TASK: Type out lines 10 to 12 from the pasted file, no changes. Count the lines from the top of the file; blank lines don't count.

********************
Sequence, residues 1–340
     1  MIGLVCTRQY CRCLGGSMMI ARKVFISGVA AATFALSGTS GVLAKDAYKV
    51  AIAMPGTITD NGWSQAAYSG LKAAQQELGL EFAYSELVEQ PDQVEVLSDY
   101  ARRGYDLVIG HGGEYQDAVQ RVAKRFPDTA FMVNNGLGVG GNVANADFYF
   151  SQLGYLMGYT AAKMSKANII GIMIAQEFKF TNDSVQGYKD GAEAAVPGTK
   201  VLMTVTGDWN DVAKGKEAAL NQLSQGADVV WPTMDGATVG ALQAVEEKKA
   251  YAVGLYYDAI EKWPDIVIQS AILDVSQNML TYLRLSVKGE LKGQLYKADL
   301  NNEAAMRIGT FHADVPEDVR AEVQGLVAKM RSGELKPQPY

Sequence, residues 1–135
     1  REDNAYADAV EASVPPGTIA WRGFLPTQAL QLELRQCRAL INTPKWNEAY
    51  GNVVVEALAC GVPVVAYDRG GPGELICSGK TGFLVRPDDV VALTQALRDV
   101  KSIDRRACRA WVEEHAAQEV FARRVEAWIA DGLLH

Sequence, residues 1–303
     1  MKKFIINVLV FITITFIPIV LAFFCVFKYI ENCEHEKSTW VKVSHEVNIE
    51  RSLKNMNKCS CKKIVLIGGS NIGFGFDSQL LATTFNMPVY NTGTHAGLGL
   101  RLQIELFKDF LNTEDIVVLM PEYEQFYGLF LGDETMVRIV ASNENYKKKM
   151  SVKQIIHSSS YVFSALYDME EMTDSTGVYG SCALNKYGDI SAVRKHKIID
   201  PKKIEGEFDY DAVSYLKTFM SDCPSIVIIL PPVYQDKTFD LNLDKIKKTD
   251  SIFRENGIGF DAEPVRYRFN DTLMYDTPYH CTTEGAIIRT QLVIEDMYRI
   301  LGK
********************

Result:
     1  REDNAYADAV EASVPPGTIA WRGFLPTQAL QLELRQCRAL INTPKWNEAY
    51  GNVVVEALAC GVPVVAYDRG GPGELICSGK TGFLVRPDDV VALTQALRDV
   101  KSIDRRACRA WVEEHAAQEV FARRVEAWIA DGLLH